Luck is a tricky thing. On the one hand, I don’t believe in fate. As the old bluesman Willie Dixon said … “I ain’t supestitious.” I’d like to think we live in a world where I am the author of my destiny. We make our own luck in this world. On the other hand, it would be arrogant … terrible hubris … to think that my (and Jason’s) hard work is the sole reason we have managed to be successful (so far). Of course chance and other external factors play a part. The hard work of so many other people are cornerstones of our company’s growth since we started in 2000. The story of IT Weapons involves a complex interplay of people, events, emerging technologies, and some risk taking by Jason and I. And what is more, there are certainly people out there who work hard across a lifetime and still never manage to find success.
So … does that mean we just ‘got lucky‘? I don’t think that captures the facts. I think the reality is that if you work to develop productive, positive, disciplined habits, you can make chance and luck work with you … most of the time. At the risk of making our industry out to look like a game: consider the difference between poker and blackjack.
If you sit down at a blackjack table and make the same $5 bet on each hand you’re dealt, you will eventually lose all your money. You might have a good night here or there … but in the long run, luck is not on your side at the blackjack table. Casinos make money because the odds to win in blackjack are stacked in the dealer’s favour. They wouldn’t offer to play you if the facts were otherwise. Now, if you are good with numbers (or maybe like RainMan, you can count some cards) you may reduce the casino’s advantage over you … but in the end, they have the advantage. They will win in the long run. In blackjack, it doesn’t matter how clever you are, it doesn’t matter how hard you work; in the end, winning is simply a matter of luck. Chance is the author of your destiny.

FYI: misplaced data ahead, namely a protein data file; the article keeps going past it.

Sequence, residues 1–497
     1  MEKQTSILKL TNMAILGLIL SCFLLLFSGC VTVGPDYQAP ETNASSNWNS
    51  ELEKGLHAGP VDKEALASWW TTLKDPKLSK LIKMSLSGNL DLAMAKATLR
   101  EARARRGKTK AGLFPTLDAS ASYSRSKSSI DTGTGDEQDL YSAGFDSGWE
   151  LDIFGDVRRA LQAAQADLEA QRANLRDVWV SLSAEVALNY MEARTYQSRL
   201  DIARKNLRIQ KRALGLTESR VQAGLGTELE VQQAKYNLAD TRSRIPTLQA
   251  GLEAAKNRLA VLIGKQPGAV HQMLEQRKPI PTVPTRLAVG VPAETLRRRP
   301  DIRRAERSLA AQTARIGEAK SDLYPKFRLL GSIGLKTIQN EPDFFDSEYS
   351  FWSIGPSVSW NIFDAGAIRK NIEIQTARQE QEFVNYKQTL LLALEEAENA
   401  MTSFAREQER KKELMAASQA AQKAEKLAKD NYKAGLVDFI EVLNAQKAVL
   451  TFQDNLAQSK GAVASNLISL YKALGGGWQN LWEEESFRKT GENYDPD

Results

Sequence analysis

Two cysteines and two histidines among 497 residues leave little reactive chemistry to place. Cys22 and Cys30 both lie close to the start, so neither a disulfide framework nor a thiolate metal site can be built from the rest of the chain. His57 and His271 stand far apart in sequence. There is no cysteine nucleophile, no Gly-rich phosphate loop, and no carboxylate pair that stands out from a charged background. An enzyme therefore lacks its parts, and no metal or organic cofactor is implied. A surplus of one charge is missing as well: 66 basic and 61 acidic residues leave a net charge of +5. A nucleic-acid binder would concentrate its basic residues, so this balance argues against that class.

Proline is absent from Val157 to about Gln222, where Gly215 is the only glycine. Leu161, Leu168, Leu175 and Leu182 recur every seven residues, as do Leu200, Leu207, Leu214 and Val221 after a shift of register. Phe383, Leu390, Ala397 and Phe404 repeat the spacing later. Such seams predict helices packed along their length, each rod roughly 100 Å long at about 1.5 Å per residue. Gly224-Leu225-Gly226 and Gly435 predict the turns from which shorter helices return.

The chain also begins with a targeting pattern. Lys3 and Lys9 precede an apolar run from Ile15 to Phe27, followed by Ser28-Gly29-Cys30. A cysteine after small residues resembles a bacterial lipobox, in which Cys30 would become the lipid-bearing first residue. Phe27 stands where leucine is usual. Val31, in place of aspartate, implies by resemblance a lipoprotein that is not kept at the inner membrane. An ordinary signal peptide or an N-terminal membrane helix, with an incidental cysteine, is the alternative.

Now, compare this situation to what happens at a poker table.
At the poker table, the casino makes its money by either charging the players an hourly fee to sit at the table, or they take a percentage of the winnings (called ‘the rake’) from each hand that gets played. When the cards get dealt, the odds of each player winning are exactly the same. No one has any natural advantage. However, if you are good with numbers, and you’ve developed a good eye for observing other people’s behaviour (smelling a bluff) you can become a very dangerous poker player. That is precisely why you see the same small number of professional poker players scooping up all the money at those tournaments on TV and in Las Vegas every year. Unlike blackjack, the game of poker rewards skill, patience, and good logical judgment.
To be sure, chance still plays a big role in who wins your Friday night poker game. Everyone gets dealt a few bad hands now and then, and lady-luck can always turn on you when you least expect it. But … in the long run, if you exercise discipline and good judgement often, you will be successful at poker.
I would say that the situation in business is exactly the same. Developing good habits, discipline, and exercising careful judgement may not guarantee success (for, there are no certainties in life beyond death and taxes) … But these things, when you do exhibit them often, increase the likelihood of success. And if you can surround yourself with people who you truly believe are smarter than you, and that exhibit these traits … I would say your chances of success are pretty good.
Like I said … Luck is a tricky thing.